Diabetes Drug Wins Approval, Helps the Competition

diabetesThe approval of Novo Nordisk‘s diabetes drug Victoza has led to an unintended benefit for a competitor. On Tuesday, the Danish company announced that the U.S. Food and Drug Administration approved Victoza (liraglutide) for the treatment of Type 2 diabetes. The news fueled optimism that a similar drug by Amylin Pharmaceuticals will be approved later this year, the Wall Street Journal reports. Shares in Amylin jumped to their highest point in 52 weeks following Novo Nordisk’s announcement.

San Diego-based Amylin plans to launch its once-weekly version of Byetta (exenatide) later this year, the company announced Thursday.  Byetta LAR has the potential to become the first once-weekly treatment for diabetes. The FDA could make a decision on its approval by early March. According to Bloomberg, one analyst estimates that the drug could generate revenue of $1.8 billion in 2013. A twice-daily version of Byetta has been on the market since 2005, but it has not been profitable as of yet. Byetta is a synthetic version of a hormone found in the saliva of the Gila monster. Amylin developed the drug with Eli Lilly and Alkermes.

Both Victoza and Byetta are similar to a gut hormone called GLP-1, which increases the secretion of insulin in response to elevated blood sugar, slows the release of glucagon (a hormone responsible for raising blood sugar levels), and reduces the rate at which food is absorbed into the bloodstream. The FDA has required post-approval safety studies of Victoza following concerns about pancreatitis (a risk also associated with Byetta) and thyroid cancer. In laboratory studies, Victoza caused thyroid tumors in rodents. However, the rodents who developed tumors were given doses eight times higher than a human would receive.  It is unknown whether the drug causes tumors in humans.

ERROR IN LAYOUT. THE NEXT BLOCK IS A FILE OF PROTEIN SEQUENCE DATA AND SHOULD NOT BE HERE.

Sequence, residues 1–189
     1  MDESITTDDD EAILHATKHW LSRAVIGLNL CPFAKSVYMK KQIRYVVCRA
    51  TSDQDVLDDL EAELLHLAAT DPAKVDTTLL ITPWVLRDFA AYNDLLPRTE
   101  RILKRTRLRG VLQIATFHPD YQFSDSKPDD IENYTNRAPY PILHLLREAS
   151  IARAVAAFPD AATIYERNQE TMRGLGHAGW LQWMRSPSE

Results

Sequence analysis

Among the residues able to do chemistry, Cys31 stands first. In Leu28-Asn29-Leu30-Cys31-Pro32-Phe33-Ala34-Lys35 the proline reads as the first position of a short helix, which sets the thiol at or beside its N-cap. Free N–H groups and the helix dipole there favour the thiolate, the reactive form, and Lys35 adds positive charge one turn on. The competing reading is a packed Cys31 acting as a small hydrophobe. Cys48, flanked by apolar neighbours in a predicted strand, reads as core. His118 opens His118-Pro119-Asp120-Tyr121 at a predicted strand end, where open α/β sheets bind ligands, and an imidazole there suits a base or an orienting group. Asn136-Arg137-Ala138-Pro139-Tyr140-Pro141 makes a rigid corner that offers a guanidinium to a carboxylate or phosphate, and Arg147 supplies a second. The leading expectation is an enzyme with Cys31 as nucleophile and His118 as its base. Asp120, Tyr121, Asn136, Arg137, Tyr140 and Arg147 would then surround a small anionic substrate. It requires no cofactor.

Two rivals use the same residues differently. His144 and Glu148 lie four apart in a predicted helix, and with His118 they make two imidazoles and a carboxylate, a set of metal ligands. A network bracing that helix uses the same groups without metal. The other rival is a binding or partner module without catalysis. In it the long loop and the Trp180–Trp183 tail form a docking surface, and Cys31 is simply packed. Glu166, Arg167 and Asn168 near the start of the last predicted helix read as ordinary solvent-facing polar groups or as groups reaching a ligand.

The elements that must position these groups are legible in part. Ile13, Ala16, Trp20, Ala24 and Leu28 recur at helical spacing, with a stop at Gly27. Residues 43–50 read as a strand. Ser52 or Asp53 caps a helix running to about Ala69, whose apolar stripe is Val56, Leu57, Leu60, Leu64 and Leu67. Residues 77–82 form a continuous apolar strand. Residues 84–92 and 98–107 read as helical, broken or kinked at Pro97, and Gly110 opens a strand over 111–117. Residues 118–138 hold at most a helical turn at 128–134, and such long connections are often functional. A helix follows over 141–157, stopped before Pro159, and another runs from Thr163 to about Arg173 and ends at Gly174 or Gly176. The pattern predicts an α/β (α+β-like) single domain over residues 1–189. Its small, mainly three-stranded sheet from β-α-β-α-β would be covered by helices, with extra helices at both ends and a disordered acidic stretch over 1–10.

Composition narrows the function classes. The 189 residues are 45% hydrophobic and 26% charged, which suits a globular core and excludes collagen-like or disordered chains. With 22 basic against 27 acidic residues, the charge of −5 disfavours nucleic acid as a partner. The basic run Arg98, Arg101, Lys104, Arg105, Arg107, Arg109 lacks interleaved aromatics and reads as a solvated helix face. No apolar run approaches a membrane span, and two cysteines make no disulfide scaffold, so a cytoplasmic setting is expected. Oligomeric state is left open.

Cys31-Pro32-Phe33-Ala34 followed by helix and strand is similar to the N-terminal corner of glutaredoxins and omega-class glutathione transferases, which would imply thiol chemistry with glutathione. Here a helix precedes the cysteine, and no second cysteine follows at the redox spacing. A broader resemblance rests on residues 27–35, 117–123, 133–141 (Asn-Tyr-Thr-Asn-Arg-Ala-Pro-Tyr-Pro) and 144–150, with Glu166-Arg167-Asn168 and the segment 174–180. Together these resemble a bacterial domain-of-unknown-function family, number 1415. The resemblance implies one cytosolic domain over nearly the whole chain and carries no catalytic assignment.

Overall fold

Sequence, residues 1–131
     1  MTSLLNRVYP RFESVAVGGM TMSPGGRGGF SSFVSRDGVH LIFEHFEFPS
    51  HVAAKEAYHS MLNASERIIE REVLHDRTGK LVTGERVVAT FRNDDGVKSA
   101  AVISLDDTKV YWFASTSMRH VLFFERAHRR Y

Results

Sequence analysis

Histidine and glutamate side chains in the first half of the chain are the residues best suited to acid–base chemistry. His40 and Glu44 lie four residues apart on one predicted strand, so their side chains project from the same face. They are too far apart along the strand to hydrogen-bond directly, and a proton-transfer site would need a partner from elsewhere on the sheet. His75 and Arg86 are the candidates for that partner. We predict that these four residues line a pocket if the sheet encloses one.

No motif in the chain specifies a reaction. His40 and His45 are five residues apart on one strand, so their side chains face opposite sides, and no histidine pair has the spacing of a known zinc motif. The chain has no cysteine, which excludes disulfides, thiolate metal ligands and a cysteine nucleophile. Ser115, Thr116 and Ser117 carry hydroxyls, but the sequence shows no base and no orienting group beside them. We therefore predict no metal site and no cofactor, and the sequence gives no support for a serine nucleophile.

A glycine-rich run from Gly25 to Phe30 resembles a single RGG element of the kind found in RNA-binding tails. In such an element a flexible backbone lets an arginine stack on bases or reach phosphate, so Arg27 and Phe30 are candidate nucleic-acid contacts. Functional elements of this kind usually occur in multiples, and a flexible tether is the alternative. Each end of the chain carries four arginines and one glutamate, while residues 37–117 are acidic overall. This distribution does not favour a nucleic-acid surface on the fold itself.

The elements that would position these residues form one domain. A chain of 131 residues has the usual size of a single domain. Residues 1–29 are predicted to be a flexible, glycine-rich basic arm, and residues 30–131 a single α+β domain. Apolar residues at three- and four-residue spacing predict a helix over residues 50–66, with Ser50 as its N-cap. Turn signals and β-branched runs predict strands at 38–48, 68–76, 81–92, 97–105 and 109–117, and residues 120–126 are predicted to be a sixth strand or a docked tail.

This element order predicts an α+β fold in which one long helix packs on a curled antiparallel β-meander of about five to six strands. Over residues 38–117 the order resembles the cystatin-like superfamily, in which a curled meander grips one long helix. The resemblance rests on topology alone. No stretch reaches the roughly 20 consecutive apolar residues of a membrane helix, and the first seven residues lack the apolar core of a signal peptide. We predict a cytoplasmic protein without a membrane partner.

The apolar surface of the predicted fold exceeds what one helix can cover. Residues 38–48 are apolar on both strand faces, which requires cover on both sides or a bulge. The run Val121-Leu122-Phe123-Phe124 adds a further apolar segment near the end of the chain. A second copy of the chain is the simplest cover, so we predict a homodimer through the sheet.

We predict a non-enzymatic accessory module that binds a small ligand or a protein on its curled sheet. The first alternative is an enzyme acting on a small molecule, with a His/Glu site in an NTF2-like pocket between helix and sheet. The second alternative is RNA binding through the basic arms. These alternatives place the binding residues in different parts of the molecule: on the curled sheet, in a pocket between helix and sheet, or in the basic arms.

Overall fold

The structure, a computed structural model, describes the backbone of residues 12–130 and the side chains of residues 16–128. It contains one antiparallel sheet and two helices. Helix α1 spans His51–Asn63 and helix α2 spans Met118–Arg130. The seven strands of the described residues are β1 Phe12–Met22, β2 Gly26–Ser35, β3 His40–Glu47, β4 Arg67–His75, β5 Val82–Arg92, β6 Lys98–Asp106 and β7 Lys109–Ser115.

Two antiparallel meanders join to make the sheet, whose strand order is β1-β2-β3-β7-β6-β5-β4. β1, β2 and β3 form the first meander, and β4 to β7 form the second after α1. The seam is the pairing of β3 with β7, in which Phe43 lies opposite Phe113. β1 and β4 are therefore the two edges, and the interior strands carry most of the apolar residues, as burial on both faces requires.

In an interview with Luke Timmerman of Xconomy, Amylin CEO Dan Bradbury discussed plans to develop and expand the Byetta LAR product line.  Amylin is working on a pen-injected version of the drug (the current form uses a syringe).  The company is also studying an injectable suspension, a transdermal patch, and a nasal spray.

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